Reflexology can be the first step in discovering other ways to live happier and healthier lives. By putting your feet first with reflexology, you'll realize how good you can feel; and you'll want to learn how to find other quiet islands for taking care of yourself and your loved ones. Studies have shown that people who incorporate activities like meditation, reading, absorbing hobbies, or physical exercise into their schedules — either alone or with someone else — tend to be healthier, happier, and more efficient in all areas of their lives. Reflexology can be your introduction to these kinds of relaxing and renewing moments. So take the first step by putting your feet first. Let your feet not only take steps but become the first step in leading you to discover other ways to live more fully.

WHAT EXACTLY IS REFLEXOLOGY?

Reflexology, is a method for activating the healing powers of the body. It is both old and new. From ancient texts, illustrations, and artifacts, we know that the early Chinese, Japanese, Indians, Russians, and Egyptians worked on the feet to promote good health. Today many of these same techniques have been developed into a modern scientific method called reflexology. What joins the ancients with the moderns is the long-established principle that there are energy zones that run throughout the body and reflex areas in the feet that correspond to all the major organs, glands, and body parts.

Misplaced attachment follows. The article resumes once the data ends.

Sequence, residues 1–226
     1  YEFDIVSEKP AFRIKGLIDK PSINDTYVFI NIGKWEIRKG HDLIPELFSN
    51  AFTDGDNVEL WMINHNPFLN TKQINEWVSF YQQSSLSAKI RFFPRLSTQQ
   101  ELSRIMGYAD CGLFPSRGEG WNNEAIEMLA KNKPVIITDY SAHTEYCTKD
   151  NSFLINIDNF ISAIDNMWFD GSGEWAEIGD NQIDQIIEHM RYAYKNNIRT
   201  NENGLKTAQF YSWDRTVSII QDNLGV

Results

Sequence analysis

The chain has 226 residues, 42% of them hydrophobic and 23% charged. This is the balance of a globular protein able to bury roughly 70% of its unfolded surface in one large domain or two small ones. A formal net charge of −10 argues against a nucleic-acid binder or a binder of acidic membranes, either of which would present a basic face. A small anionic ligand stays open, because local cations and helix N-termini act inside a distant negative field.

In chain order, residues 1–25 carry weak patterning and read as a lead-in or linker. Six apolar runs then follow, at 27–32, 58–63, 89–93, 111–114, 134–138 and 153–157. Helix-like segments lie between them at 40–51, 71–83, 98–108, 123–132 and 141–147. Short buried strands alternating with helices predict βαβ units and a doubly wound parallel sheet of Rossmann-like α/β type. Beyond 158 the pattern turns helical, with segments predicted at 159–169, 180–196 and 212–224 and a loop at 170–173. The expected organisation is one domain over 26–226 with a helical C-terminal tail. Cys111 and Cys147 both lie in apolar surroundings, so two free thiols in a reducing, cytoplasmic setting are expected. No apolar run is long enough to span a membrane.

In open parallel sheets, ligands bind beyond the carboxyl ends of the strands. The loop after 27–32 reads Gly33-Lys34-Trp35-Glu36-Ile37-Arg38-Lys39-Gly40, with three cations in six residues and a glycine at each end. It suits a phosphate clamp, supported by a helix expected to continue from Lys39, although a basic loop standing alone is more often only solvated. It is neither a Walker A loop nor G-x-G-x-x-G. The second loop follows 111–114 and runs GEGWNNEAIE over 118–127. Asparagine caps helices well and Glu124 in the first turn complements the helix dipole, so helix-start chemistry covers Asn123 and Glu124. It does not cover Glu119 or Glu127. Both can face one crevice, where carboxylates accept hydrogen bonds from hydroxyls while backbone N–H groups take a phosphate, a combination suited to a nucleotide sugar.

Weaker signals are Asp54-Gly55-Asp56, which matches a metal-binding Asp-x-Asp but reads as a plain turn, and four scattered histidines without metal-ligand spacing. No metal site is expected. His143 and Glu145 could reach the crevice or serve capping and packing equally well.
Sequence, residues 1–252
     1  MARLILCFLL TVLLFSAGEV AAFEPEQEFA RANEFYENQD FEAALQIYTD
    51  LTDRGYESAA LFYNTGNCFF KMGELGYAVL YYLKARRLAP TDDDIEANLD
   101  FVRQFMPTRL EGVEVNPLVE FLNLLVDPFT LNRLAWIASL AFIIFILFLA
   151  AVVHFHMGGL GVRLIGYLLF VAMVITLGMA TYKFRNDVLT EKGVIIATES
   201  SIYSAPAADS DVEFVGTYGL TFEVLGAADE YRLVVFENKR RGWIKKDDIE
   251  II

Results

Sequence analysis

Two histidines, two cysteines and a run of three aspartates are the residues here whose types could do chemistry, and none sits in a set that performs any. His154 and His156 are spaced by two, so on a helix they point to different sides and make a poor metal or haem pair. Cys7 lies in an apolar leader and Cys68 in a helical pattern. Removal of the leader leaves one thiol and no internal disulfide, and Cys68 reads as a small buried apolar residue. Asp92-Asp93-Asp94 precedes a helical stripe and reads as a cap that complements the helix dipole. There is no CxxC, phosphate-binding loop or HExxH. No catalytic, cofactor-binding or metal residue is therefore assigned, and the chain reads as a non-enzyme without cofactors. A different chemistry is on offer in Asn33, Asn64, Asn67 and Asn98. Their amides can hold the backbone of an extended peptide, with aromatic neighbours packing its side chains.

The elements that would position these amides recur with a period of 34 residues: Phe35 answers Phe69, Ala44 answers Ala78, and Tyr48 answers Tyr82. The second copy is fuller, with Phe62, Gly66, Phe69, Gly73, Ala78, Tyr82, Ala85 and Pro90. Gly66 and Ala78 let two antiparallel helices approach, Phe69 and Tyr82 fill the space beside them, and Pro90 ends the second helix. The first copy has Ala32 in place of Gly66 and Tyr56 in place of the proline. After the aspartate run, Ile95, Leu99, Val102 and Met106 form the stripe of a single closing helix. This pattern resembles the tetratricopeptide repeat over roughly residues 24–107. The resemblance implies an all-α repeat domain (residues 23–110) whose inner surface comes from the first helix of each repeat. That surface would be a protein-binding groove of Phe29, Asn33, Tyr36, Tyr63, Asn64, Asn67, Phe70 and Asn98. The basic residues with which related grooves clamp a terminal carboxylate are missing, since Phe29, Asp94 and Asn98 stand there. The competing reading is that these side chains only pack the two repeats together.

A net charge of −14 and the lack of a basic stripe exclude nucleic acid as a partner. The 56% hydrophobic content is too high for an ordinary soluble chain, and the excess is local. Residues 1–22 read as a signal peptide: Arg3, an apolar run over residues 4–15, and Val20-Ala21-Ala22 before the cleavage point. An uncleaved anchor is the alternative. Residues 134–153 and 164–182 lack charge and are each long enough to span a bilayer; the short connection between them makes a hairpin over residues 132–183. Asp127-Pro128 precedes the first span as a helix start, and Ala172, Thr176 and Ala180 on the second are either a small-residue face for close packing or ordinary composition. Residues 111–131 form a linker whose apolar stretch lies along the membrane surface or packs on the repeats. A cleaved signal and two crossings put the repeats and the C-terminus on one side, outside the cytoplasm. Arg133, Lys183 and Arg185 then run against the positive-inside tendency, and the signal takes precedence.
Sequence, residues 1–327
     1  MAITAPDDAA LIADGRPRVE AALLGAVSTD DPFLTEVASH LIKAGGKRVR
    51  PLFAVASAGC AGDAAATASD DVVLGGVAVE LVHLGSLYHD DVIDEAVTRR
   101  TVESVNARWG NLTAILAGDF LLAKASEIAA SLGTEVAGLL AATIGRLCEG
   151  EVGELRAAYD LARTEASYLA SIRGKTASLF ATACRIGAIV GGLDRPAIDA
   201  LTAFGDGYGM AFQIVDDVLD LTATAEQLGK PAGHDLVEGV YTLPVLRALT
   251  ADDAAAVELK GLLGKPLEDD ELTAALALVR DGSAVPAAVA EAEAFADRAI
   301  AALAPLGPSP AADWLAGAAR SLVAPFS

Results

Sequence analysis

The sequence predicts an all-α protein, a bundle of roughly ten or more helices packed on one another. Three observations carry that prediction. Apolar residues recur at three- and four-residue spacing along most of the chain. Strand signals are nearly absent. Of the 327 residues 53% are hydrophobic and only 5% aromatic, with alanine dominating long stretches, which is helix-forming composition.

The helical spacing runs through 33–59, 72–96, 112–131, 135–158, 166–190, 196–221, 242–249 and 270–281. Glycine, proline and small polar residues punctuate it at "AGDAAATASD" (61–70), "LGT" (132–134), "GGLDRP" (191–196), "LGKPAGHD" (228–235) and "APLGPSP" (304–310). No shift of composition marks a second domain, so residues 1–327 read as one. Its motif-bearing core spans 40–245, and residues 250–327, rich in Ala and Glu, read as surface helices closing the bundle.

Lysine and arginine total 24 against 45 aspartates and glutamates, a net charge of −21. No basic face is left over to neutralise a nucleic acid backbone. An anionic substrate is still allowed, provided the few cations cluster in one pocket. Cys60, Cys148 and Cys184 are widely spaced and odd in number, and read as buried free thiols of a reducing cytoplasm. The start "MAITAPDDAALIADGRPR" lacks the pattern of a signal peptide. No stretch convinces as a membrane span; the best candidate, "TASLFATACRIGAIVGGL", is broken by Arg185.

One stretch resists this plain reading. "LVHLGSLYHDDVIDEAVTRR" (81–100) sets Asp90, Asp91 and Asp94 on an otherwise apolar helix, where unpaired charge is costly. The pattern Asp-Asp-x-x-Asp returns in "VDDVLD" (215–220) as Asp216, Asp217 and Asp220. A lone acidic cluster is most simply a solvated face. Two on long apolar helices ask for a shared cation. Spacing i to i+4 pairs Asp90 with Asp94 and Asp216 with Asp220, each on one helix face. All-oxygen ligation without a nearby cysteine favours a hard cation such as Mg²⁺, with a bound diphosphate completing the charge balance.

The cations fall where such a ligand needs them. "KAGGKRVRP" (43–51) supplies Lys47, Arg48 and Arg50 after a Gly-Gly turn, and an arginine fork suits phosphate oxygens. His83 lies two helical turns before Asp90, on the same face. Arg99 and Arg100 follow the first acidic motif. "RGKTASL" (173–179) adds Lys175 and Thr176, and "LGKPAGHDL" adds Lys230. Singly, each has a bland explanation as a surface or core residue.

In the early years of the twentieth century, Dr. William Fitzgerald developed the modern zone theory of the human body, arguing that parts of the body correspond to other parts and offering as proof the fact that applying pressure to one area anesthetized a corresponding area. Dr. Edwin Bowers, Fitzgerald's colleague, used a dramatic demonstration to convince others of the theory's validity. He showed that he could stick a pin into a volunteer's face without causing pain if he first applied pressure to the point in the person's hand which corresponded to that area of the face.

In the 1930s, Eunice Ingham, a physiotherapist for Dr. Joseph Shelby Riley, who was also a student and advocate of the theory, used zone therapy in her work with patients. She concluded that since the zones ran throughout the body and could be accessed anywhere, some areas might be more accessible and effective than others. She was right. The feet were the most responsive areas for working the zones because they were extremely sensitive. Eventually, she mapped the entire body onto the feet and discovered that an alternating pressure on the various points had therapeutic effects far beyond the limited use to which zone therapy had been previously employed, namely, reduction of pain. And so reflexology was born.